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Diaspora knowledge networks for development

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posted on 22.05.2021, 08:37 by Anusha Sundaram
This paper will consider the concept of Diaspora Knowledge Networks, (DKNs) and examine the relationship between DKNs and homeland development. Using a framework of World Systems Theory, it will lay out how skilled labour migration leads to diaspora network formation and that tactical brain circulation on the part of DKNs can provide home countries with the agency in the World System through a form of transnationalism from below. Recognizing that DKNs are socially constructed, and as a result replete with gender and power imbalances, it is posited that DKNs feed into and reproduce the global division of labour and with it all the implications for migration that go with this new global order. Finally this paper lays out the gaps within the literature on DKNs, namely in the areas of gender, race and the role of state securitization, and calls for further research so that policies harnessing DKNs for development may be more effective.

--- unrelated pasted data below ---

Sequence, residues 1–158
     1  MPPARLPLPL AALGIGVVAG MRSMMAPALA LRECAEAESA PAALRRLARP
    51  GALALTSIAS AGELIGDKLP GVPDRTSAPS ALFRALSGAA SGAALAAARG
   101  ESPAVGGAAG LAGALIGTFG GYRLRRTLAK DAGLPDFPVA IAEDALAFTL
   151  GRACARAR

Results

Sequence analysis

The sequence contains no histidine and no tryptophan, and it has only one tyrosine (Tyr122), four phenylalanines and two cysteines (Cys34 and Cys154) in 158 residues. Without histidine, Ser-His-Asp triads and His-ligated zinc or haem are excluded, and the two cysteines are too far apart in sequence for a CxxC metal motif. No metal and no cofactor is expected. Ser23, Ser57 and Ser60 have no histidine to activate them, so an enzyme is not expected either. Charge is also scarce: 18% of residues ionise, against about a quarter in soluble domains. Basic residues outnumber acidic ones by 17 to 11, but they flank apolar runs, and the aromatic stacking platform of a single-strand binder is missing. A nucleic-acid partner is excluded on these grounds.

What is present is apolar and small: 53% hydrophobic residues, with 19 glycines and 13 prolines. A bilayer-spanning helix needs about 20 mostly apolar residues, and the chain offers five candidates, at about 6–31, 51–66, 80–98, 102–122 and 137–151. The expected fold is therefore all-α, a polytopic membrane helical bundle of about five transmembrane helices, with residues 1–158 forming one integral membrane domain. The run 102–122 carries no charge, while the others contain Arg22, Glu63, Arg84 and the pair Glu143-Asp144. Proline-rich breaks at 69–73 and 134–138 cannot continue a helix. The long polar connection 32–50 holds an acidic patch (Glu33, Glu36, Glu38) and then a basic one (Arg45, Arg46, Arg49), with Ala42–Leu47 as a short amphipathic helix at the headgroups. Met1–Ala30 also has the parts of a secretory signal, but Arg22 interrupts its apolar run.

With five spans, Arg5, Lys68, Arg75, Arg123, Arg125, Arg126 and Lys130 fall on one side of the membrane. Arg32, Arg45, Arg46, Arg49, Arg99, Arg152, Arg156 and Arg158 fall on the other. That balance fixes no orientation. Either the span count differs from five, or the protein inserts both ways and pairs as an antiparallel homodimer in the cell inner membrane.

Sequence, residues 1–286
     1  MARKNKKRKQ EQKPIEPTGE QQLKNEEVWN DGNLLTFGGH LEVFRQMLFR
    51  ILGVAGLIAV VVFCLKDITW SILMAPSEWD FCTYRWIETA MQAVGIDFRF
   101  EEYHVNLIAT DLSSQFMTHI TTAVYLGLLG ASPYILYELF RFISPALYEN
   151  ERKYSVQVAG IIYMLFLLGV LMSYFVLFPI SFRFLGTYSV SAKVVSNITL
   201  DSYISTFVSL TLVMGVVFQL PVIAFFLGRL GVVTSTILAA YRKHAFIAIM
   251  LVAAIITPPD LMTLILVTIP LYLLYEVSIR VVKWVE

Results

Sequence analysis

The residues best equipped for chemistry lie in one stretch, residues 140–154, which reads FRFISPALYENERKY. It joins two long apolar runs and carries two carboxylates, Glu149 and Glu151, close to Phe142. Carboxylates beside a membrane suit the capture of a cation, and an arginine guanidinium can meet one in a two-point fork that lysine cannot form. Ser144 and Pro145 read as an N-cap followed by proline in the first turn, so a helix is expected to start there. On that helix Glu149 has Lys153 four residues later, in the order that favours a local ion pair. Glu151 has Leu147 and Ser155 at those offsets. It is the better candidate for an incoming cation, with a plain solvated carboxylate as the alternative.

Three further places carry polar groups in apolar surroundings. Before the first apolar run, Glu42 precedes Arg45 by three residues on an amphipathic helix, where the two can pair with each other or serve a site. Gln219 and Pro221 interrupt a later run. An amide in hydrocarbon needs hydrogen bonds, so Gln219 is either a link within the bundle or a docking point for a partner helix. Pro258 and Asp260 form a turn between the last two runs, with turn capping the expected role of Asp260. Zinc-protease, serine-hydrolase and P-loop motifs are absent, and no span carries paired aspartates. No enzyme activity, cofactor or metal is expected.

Master of Arts


Immigration and Settlement Studies

Granting Institution

Ryerson University

LAC Thesis Type